“When the Water Ends” tells the story of climate change conflicts in East Africa. For thousands of years, semi-nomadic pastoralists have followed fresh water sources and grazing land. They are accustomed to harsh environments and surviving with limited resources. But with the impacts of climate change, competition for water and pasture is escalating. Increased drought… Read more »
Posts Categorized: Global Warming/Climate Change
Reflecting on what I learned at the COP 20 in LIMA, Peru John D. Liu, Director, Environmental Education Media Project (EEMP) – Ecosystem Ambassador, COMMONLAND Foundation – Visiting Fellow, Netherlands Institute of Ecology (NIOO) Royal Academy of Arts and Sciences (KNAW)
Watch the exclusive worldwide premiere of the Origins film — available here between November 13th – November 22nd, 2014.
Our visions of the future are defined, like the film Interstellar, by technological optimism and political defeatism. Yawn: "Hey, we can make it out here!" “It’s like we’ve forgotten who we are,” the hero of Interstellar complains. “Explorers, pioneers, not caretakers…. We’re not meant to save the world. We’re meant to leave it.” It could… Read more »
There are many ways to describe Maurice Kwadha: farmer, entrepreneur, and climate-smart are some of them. But some in Kombewa, in western Kenya’s Nyando Basin, used to call him a madman. Once, when he was collecting discarded milk packets at the local market, he was physically attacked by someone who thought he had lost his… Read more »
I say may those who have a loud voice speak! This is precisely what Nature Is Speaking has ventured to do — to give nature a voice (and a very familiar voice). Watch the videos below to see what I mean! Some of the most famous American actors (from Julia Roberts to Robert Redford) have… Read more »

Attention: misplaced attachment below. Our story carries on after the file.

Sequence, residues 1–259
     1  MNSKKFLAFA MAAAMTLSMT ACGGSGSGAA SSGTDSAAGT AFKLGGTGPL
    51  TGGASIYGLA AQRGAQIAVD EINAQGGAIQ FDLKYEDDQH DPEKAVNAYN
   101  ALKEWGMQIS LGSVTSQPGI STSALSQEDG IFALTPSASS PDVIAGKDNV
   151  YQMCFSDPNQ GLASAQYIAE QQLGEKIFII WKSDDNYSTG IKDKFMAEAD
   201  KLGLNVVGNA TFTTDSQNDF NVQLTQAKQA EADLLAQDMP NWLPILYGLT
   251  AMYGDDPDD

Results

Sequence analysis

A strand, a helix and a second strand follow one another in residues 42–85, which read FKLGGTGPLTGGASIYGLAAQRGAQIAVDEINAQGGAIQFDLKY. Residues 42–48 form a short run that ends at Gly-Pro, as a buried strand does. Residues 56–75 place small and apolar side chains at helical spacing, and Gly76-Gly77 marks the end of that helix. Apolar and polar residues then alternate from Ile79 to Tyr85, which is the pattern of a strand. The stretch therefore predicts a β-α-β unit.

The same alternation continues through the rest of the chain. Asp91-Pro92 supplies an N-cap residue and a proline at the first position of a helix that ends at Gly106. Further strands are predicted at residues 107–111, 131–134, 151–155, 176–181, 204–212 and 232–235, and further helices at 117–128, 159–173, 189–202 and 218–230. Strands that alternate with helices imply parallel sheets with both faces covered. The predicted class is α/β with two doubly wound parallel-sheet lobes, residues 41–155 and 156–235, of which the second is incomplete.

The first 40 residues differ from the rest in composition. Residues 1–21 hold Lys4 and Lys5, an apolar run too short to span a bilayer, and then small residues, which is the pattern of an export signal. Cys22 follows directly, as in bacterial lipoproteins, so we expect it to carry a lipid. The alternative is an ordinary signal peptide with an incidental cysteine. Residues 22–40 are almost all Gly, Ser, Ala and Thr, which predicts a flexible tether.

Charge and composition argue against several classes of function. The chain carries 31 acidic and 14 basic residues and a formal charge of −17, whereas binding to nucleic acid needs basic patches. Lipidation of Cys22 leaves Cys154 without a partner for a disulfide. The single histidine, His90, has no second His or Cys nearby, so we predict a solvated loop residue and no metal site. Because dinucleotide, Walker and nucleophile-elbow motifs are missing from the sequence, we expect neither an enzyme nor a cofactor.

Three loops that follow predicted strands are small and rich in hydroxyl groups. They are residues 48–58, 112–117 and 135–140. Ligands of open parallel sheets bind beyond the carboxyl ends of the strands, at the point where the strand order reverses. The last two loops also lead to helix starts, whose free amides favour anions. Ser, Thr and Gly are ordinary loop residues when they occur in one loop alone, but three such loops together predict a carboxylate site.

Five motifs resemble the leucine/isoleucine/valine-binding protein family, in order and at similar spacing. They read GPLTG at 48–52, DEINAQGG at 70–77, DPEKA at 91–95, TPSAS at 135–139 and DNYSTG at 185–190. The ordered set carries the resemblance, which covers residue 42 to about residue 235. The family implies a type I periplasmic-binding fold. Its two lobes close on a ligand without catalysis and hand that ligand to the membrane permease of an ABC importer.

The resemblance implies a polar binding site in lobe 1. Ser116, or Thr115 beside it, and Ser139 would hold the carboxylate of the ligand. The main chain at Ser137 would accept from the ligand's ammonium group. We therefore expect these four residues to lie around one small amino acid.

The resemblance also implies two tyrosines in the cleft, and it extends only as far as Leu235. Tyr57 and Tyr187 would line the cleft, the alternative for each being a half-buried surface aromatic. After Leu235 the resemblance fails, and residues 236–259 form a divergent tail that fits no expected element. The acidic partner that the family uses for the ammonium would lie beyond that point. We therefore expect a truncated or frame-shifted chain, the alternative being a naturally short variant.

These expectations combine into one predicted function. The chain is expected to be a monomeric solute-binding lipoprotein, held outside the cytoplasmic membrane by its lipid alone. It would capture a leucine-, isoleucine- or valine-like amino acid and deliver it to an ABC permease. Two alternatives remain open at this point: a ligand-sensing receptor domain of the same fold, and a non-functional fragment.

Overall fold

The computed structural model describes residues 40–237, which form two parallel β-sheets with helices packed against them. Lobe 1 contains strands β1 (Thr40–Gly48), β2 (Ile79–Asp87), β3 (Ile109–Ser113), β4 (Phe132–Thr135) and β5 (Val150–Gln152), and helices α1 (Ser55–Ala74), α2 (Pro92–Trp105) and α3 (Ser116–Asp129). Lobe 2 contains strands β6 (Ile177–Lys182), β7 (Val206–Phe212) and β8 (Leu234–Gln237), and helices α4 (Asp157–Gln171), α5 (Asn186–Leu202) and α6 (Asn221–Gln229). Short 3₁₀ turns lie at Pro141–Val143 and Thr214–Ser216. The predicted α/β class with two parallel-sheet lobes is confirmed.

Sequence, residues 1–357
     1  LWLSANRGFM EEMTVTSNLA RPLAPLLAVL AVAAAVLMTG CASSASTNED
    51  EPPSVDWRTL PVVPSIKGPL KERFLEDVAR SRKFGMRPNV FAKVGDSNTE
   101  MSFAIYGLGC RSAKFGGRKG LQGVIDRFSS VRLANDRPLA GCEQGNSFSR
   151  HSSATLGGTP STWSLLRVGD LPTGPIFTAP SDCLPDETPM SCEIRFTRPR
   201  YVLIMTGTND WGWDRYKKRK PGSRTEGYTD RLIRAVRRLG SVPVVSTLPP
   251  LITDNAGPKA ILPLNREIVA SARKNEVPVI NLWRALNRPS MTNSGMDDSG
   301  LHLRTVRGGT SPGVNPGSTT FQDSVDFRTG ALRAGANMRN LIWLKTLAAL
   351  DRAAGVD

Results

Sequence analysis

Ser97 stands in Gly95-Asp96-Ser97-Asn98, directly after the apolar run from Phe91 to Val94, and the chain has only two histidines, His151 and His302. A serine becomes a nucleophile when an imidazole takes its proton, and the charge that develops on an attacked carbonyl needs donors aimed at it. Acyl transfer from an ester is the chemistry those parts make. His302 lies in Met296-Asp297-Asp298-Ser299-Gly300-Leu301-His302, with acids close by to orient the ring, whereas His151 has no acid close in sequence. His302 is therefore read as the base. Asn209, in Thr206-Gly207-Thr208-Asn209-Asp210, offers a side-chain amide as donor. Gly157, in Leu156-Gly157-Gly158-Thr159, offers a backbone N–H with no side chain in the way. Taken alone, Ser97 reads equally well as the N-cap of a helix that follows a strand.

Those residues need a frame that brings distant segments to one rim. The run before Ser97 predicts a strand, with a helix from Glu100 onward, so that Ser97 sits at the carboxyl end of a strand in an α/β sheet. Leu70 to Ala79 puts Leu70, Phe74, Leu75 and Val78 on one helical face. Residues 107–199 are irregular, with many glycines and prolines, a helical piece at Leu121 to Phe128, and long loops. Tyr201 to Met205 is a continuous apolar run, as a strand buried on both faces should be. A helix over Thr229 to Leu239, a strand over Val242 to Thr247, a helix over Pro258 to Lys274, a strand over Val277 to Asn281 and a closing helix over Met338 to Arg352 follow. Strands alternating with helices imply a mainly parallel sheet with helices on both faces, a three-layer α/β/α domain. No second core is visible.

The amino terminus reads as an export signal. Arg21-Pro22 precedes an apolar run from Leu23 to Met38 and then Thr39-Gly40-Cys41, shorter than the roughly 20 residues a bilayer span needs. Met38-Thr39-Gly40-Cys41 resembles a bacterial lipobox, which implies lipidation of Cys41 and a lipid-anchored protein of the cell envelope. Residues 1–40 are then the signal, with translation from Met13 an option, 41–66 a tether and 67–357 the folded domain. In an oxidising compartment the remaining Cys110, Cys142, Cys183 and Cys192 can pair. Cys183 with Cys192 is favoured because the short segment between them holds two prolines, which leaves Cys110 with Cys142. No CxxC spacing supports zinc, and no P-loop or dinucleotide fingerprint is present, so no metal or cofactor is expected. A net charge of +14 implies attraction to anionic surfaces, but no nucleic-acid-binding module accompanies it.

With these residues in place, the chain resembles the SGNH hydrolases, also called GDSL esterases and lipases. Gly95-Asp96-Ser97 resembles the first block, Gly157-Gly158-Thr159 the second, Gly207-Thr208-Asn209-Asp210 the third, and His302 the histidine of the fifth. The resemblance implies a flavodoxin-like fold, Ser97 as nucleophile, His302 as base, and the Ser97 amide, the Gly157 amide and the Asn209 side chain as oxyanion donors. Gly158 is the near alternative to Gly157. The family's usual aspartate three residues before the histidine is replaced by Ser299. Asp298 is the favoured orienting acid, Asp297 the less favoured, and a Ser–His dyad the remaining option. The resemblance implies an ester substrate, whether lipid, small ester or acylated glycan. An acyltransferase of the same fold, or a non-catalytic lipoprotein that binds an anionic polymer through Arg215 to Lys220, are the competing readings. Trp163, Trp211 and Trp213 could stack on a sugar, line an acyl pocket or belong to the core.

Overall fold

Since 1954, the World Meteorological Organization has been naming extreme storms after people. But we propose a new naming system. One that names extreme storms caused by climate change, after the policy makers who deny climate change and obstruct climate policy.
In this documentary a legendary civilization thought to be too good to be true on the basis of the stories told by the Spanish explorer Francisco de Orellana, is found to be a real part of history. We can separate fact from fiction here, in that the golden riverbanks the Spaniard told of were not… Read more »
This Saturday we’re joining concerned citizens all over the world who are coming together to take a stand against fracking. Will you join us? As you know, fracking is an ongoing disaster for communities around the U.S.A. and increasingly around the world. But that hasn’t stopped the fossil fuel industry — they’re on the march,… Read more »
Dr. Nadine Unger, an assistant professor of atmospheric chemistry at Yale, had an op-ed published in the Opinion Pages of the September 19, 2014 edition of the New York Times. Both the title of her piece and its analysis of the article’s focus — climate change — have drawn quite a response, as one would… Read more »
Part I Broken into two parts (one above, one below, and a question & answer session after that), this is a long but interesting watch. It was filmed in 2011 at a presentation by Dr Anthony Ingraffea (Ph.D., P.E., Cornell University) in Moncton, New Brunswick, Canada, and covers many interesting and pertinent aspects of all… Read more »
by Samuel Alexander, originally published on The Conversation Time to get off the economic growth train? Sergey Nivens/Shutterstock What does genuine economic progress look like? The orthodox answer is that a bigger economy is always better, but this idea is increasingly strained by the knowledge that, on a finite planet, the economy can’t grow for… Read more »